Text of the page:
david carson is a graphic designer, art director and surfer. his work for the magazines beach culture and ray gun in the 1990s brought a new approach to type and page design breaking with traditional layout systems. he continues to explore the possibilities of graphic design, particularly typography as a form of expression across print and video for both commercial and cultural clients. designboom spoke to david about his work and influences. (‘dad’ photograph, above, by luke carson)
designboom (DB): what originally made you want to become an graphic designer?
david carson (DC): I wasn’t really looking to become a graphic designer and in fact I wasn’t – until the ripe old age of 26! graphic design is a second career for me, I have a degree in sociology, and taught that for a few years, then somewhat by chance, I took a two-week summer workshop at the university of arizona – about this thing called ‘graphic design’. it changed everything. I hadn’t even known the term graphic design before then. a great instructor, and good friend to this day, jackson boelts – helped me take the first steps on this fantastic journey – one I could have never imagined.
I feel I’m the most fortunate designer on the planet. as a result of this career choice, well passion really, I had no choice once I had discovered it! over twenty five years later I’ve visited and lectured all over the world, had numerous exhibitions, books and received notable awards, and all because I found something I was passionate about, and pursued it, without ever looking back. I found something that never felt like work. I’ve always said I make my living from my hobby.
just this year I’ve received the AIGA (American Institute of Graphic Arts) gold medal, and was named as one of apple’s 30 most innovative designers in their 30 year history – only 2 graphic designers were chosen, the other being april grieman. they called us ‘pioneers with profound impact’ – I’m really proud of that one.
the past few years have been some of my most productive yet. later this fall I’m lecturing in spain, portugal, lithuania, bangkok and australia. I’m a little amazed, that after all these years, the speaking and interview requests, jobs and fan mail, keep coming in from all over the world – it’s very humbling.
beach culture magazine october 1990 – this is some of photographer anton corbin’s first color work. we were running a photo spread of his work, and when I saw the editor neil fineman’s theme for this issue ‘the end of summer’ I thought this image was perfect. it has the mood of summer’s end, even though it was not commissioned as such.
ray gun magazine february 1993 – the interview subject for this cover story, j. mascis of dinosour jr., talked about how much he hated the press, magazines, media, etc. – this was my reaction to his comments, to use the publicity photo the record company sent, upside down. it’s funny to see it reproduced in articles and in stores the wrong side up!
ray gun magazine january 1995 – ray gun had no grid, formula or format, letting the music and individual articles dictate the direction of the design and layout. every page was an entirely new design assignment, making it a lot more work than most magazines, but also a lot more fun, and I believe with more effective results . with this cover the editor had given me a few cover lines including one about keith richards coming clean about sex, drugs, rock and roll etc. I looked at this portrait and realized you really didn’t need to say anything else, the landscape of his face said it all. often a hotly debated topic of editors, many believing a menu of everything in the issue on the cover is best, others have rules about where the cover lines NEED to be. it turned out this cover, with NO cover lines, was our biggest selling issue – funny, we thought keith looked ancient THEN.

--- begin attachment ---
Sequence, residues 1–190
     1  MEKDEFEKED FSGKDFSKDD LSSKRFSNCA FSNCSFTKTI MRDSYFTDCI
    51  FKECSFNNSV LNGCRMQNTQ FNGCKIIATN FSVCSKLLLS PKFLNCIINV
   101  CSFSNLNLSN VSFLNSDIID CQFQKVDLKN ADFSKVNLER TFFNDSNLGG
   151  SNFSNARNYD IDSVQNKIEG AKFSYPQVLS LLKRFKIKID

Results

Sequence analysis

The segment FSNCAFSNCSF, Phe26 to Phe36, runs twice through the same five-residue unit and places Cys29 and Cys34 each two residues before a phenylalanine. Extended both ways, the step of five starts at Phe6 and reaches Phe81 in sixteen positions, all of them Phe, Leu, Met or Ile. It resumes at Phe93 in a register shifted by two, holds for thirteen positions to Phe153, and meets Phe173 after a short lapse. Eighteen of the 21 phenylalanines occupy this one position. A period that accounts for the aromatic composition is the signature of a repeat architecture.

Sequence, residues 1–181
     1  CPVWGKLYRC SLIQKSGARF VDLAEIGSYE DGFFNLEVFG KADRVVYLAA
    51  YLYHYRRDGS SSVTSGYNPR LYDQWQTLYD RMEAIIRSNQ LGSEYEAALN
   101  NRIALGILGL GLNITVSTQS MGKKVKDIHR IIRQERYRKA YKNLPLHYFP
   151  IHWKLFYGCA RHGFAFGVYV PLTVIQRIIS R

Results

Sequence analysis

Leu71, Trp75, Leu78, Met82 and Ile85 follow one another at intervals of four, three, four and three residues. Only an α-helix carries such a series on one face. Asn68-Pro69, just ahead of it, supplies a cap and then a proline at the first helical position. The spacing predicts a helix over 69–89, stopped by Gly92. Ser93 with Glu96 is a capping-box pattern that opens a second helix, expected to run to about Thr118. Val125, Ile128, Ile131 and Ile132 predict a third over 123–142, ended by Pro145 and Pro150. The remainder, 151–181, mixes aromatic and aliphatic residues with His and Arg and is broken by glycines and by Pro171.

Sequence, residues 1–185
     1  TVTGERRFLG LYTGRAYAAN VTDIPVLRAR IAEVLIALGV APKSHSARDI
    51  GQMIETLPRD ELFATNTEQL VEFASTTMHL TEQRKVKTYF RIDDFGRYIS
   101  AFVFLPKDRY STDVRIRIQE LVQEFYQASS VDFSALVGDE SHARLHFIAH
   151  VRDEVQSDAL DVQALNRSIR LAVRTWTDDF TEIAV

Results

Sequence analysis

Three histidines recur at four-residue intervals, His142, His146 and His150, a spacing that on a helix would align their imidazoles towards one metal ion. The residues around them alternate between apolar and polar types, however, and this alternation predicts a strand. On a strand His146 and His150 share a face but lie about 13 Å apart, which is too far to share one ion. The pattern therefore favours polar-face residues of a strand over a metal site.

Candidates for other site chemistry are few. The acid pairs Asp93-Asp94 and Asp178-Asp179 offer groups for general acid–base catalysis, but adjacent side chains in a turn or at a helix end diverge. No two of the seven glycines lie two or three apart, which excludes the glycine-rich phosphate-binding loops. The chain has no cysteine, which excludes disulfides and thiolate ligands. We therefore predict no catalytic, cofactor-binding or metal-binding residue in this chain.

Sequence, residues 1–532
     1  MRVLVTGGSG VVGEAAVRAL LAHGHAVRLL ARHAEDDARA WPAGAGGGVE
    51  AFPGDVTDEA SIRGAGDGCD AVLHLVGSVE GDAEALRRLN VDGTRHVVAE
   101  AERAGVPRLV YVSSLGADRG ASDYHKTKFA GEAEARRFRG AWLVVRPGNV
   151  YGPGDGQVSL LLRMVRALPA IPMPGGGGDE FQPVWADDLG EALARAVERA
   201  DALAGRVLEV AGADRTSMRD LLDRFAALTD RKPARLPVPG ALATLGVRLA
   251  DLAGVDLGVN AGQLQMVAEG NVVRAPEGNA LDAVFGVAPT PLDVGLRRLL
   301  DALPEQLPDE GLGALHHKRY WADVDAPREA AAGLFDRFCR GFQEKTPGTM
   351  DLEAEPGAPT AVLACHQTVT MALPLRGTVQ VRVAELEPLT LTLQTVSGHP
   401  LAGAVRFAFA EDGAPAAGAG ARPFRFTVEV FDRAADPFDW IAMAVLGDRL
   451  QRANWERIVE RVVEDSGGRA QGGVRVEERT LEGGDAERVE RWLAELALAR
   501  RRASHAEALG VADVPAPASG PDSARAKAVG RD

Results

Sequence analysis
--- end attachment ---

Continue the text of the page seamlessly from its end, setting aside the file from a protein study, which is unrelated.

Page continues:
DB: how would you describe your approach to design?
DC: experimental, intuitive and personal. I have no formal training, which I’m sure helped a lot as I never learned all the things I’m not supposed to do, I just did what made sense to me. I think my interest in sociology helped lead me initially to editorial design, because I was working with real stories, about real people and events, sometimes music.
since I knew nothing about girds, formulas, schools of thought, etc. I just did what felt right. my starting point was and and is, always to first read the brief, article or whatever it is I’m given. that sends me off in a direction design-wise. I try to reinforce visually whats written, spoken or sung. I want the work to connect with people on an emotional level, which is where I feel it’s most effective and lasting.
different rock stars talked about teachers they had lusted after in school in this beach culture article ‘hot for teacher’. I loved this image of a ‘teacher’ sitting on some books, and the way the type lustfully leans toward her.
ray gun magazine – one of my favorites, an opener for a long article and interview with singer songwriter morrissey. reading through the article I found this great quote ‘I have no interest whatsoever in any aspect of whordom’. I chose to use this large in the opener and cropped him a bit – as he was a bit mysterious in this interview – and in general at that time.
DB: who or what has been the biggest single influence on your approach to design?
DC: again, probably my lack of formal training, combined with my overall life experience. growing up primarily in southern california I think gave me a somewhat more experimental, liberal and open minded approach to design and life.
also my early exposure, through a workshop in switzerland, to the experimental swiss designer hans rudolf lutz was hugely influential with my first job, only months after first discovering the field of graphic design, I was designing a skateboard magazine, and basically that became my schooling. I had to figure out everything from spec’ing type , writing instructions on tissue over art boards for printers, how hand held waxers worked, and of course – designing.